• If starting with raw potatoes, peel and boil/steam/microwave until they are soft through
  • Mash the potatoes well with a masher or fork, and season well with salt and pepper

Combine the fishcakes

  • Lay out the three smaller bowls
  • In the first, add your flour, the second your eggs and third your breadcrumbs
  • Season the flour and the breadcrumbs; if using, add the spice to the breadcrumbs
  • Whisk the egg
  • Break the fish into 1 inch/2cm pieces
  • Place oven to 100C
  • Add the fish to your mashed potatoes and mix through
  • Take a handful of mixture and roll it into a ball. Do that until you have between 6 & 8 fish cakes
  • Flatten each fishcake with the flat palm of your hand and is about 2cm thick
  • Take one fishcake and place it in the flour. Using your right hand, make sure it’s entirely covered
  • Place in the egg. Using your left hand, cover it in egg. Using your left hand still pop the fish into the bowl with the breadcrumbs
  • Using your right hand, press the fishcake into the breadcrumbs so it has a nice crunchy covering and is a little flattened
  • Still using your right hand, place the fishcake onto the waiting plate. Repeat until they are all covered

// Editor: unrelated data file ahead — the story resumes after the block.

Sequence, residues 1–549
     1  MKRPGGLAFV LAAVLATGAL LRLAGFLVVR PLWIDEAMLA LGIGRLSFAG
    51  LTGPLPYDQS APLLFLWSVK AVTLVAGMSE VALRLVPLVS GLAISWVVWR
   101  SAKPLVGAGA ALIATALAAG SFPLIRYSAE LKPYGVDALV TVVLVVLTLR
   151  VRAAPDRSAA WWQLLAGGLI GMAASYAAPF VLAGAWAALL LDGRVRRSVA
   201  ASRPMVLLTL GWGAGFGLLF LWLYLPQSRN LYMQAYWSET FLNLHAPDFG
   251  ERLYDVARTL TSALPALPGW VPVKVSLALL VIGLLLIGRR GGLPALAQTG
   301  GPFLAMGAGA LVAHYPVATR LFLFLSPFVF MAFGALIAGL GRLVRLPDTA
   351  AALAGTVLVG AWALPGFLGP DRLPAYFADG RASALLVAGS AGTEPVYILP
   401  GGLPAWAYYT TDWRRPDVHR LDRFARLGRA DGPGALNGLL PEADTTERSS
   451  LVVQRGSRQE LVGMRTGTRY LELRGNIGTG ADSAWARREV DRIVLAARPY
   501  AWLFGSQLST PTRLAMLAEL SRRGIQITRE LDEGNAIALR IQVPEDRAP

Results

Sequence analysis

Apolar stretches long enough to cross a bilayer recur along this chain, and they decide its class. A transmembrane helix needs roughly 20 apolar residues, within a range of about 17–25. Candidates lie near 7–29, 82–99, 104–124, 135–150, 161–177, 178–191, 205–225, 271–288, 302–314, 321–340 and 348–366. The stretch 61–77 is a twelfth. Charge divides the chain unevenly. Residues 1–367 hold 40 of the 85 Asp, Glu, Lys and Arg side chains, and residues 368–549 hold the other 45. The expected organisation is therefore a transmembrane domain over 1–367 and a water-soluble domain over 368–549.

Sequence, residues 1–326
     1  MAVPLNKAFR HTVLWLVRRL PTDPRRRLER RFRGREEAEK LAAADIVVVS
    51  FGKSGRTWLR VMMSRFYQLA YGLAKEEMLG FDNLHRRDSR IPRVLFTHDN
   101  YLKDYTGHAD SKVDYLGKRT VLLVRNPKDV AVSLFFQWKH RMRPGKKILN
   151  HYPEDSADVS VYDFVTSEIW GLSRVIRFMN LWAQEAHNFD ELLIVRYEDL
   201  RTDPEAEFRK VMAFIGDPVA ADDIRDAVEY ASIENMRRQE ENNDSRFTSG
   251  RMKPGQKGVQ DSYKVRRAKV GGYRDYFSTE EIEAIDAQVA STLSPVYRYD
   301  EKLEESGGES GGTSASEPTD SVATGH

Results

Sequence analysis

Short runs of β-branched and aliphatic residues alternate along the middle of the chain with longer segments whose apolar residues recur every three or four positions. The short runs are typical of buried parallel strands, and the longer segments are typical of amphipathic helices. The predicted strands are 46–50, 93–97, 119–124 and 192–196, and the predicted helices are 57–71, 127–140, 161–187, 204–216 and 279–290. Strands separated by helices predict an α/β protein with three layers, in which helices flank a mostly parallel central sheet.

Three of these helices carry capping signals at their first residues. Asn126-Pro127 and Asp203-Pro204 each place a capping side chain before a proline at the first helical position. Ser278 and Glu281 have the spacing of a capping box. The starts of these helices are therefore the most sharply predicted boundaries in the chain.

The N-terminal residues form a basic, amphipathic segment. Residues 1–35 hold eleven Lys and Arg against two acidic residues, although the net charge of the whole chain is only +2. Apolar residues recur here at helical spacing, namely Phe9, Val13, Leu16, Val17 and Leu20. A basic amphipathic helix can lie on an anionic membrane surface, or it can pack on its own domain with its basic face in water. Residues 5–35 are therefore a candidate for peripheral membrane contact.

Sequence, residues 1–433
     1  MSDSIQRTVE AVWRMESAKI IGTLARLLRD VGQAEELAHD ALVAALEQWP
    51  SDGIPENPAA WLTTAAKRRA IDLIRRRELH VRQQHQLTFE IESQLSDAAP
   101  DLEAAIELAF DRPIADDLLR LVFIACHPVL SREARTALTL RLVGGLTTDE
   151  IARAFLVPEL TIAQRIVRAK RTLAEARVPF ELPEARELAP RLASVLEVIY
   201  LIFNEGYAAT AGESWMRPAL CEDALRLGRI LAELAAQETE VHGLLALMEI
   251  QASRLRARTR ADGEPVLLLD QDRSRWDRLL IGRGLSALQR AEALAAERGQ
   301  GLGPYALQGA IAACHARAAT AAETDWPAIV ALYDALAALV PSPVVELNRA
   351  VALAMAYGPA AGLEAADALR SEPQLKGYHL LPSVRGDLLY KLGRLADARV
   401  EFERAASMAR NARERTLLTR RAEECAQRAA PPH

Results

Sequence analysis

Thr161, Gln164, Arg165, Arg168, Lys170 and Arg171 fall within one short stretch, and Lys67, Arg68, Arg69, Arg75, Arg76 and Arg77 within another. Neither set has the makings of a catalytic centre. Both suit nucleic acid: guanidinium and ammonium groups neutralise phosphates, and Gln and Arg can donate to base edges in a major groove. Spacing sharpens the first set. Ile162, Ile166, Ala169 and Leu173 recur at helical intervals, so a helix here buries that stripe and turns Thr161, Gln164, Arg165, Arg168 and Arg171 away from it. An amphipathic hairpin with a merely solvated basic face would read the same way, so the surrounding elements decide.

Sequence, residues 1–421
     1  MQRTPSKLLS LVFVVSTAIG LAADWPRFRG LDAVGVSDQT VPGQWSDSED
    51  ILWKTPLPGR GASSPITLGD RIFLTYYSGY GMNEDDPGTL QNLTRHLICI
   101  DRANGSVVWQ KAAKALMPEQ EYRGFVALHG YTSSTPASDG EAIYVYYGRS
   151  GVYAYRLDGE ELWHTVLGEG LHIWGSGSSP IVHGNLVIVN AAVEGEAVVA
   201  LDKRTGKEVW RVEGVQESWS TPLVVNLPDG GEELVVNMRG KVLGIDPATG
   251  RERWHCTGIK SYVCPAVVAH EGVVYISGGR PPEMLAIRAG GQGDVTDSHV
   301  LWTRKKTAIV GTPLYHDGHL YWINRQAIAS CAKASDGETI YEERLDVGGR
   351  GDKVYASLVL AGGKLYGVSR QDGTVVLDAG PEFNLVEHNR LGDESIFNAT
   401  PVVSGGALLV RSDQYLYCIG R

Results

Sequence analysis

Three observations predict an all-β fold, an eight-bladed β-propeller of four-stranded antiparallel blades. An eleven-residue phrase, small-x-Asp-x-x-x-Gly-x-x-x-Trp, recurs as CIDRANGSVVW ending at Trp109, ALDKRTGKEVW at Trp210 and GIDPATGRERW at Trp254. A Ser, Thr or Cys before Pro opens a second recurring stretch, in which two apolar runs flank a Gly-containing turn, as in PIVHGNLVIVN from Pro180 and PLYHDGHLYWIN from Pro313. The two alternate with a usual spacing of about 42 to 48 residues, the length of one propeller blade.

• Place enough oil to cover about 2mm in your frying pan and turn the heat to medium

Cook the fishcakes

  • Pop a little leftover lump of breadcrumbs into the pan; when they sizzle, you’re ready
  • Place 2 or 3 fishcakes in the pan and cook until golden (about 7 mins)
  • Once golden flip and repeat
  • Keep the waiting cakes warm into the warm oven
  • Serve with veg/beans

Fishfinger rice bowl

Fishfinger rice bowl

Fishfinger rice bowl

Sometimes I think of a leftover recipe. I imagine different reactions:
younger me “Cold fish and RICE?  ARE YOU ON DRUGS? Where’s the white sauce?!”
My parents: “Gosh, it is interesting how you combine different things isn’t it?”
My brothers: “Oh, yeah, well done”.

They aren’t the leftover lovers though!  Two leftover fish fingers are too good to waste, and this, to me, was surprisingly good.

The leftover friend’s super star, a rice bowl is a fab way to use up those odds and sods from the bottom of your fridge.  Any leftover greens, some salad: whatever.  Bet you’d buy it in M&S  or Pret without thinking, so have a go and make your own!  Okay, M&S and Pret wouldn’t be using fishfingers, but you might have some white fish or some chicken mixed with your rice and salad, so why not a fishfinger?

Cuisines across the world batter or egg & bread fish, so mixing up a fishfinger with a little boiled rice isn’t as mad as it might sound.  I mean, okay, I wouldn’t pay to eat it in a restaurant or claim that it’s authentic cuisine (well, it’s authentic Ann Storr but that’s not always a good thing TBF). With some salad, some chilli  – well, to me it’s a damn sight tastier than a coffee shop equivalent.  And no single-use plastic packaging. With this second, more photogenic rock around the block I used Thai sticky rice, which I prefer in this dish, and it was easier to eat with chopsticks (because yes I’m sure this is super, super authehtic Thai (side eye emoji).